The next thing you need is an understanding of wider-ranging topics. In the past, people would typically have a little knowledge around exercise. There were widely held beliefs (often incorrect) around cardio exercise, the fat-burning zone, weight training making you ‘bulky’, and not to eat carbs after 6pm. All fairly easy to rationalise and dispel. Today people are armed with far more knowledge and ease of access to information. Some of this will still be part-formed though, so you will have a little myth-busting to do still. But gym members asking about heart-rate reserve, HR variability, REM sleep, sleep cycles, carb-cycling, reverse-dieting, meditative practices, wave-loading, etc., would have been unheard of.
As I say, just because the questions are posed, it doesn’t mean the concept is fully understood, but the knowledge of the entry-level trainer now needs to include a far deeper range of topics because the wide-spread information available to the public is significantly more vast.
Social media, web management, marketing strategies, branding, business practice and taxation are all subjects that would have been a bit alien in the early-2000s to most fitness professionals but are common-place among today’s trainers.
A sound understanding of how to post, when to post, where to post, consistency of content and message are all important things that may impact on how successful your marketing is and affect your bottom line.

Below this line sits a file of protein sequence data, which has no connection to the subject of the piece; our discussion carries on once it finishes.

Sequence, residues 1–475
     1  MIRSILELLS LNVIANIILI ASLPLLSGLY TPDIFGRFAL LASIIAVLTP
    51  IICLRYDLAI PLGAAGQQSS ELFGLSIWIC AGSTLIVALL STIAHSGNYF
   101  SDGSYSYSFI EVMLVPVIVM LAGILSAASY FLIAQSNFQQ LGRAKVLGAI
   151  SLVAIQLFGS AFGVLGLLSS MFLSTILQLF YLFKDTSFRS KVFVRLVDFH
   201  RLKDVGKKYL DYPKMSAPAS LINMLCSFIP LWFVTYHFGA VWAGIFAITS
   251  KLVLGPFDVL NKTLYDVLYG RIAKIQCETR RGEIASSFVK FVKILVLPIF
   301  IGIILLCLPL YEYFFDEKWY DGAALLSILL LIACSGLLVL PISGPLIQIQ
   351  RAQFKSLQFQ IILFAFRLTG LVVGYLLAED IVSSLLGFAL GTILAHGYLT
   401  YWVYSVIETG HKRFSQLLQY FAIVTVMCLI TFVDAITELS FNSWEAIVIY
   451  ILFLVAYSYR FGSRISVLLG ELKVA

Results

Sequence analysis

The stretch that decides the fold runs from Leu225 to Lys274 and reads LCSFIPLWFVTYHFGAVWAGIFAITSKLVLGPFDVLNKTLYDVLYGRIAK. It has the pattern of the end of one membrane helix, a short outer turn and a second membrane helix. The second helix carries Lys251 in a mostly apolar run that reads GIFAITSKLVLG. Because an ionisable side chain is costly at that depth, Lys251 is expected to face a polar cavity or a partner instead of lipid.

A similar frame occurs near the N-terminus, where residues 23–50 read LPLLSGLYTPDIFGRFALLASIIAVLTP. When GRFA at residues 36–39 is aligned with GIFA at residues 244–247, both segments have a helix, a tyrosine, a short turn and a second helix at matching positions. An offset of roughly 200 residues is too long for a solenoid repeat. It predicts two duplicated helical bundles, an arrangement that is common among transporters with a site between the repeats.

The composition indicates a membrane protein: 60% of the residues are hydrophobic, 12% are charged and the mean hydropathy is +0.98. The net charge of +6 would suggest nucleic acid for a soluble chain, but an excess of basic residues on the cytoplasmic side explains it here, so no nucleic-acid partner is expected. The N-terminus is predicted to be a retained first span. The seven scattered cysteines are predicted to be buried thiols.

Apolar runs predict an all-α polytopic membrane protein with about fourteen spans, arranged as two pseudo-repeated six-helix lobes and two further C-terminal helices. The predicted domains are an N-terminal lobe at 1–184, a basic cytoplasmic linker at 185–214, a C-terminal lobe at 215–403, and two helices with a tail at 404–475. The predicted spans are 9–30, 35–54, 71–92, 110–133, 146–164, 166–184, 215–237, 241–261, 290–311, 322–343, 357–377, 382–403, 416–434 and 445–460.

How your brand positions itself in the market, how you effectively present your USPs and potentially how you fill in the voids that you don’t service yourself through partnerships are all areas that deserve some thought.
It may sound simple, particularly to the younger readers who have grown up creating content for their audiences since primary school, but simply putting together some useful content, editing it so that it sits well on specific platforms, and considerations of how to engage your audience are things we need to think about in today’s fitness world.
It is tell-tale that, at nearly 1,000 words, I am coming to the end of this piece and I haven’t actually discussed the physical act of training a client yet. The idea behind this blog was to highlight the ever-changing nature of our industry and the aspects you need to consider today that didn’t enter our minds 20+ years ago.
It goes without saying that the skills you attain, how they are presented and utilised, the communication required, the attention to detail, rapport-building and how you make your clients feel through your sessions remain the most important areas to your business success. Some things will never change.
As a result, we believe it is important to also focus on offering what will be primary aspects needed to flourish in today’s industry but are not actually required for the attainment of the qualification. What do you think?
How about checking out both of Stu’s online educations? S&C – Foundation Needs Analysis and S&C – Advanced Periodisation, Programming and Training Principles
Stu Gatherum has worked in the fitness industry for over 20 years as a PT, a S&C coach for a range of professional athletes and a fitness educator both in the U.K and Internationally. Stu’s two businesses centre around educational delivery in T2 Fitness, and content creation in T2 Awards. One of his primary passions is the area of S&C where he has a unique perspective on its application within sports as well as with his client base.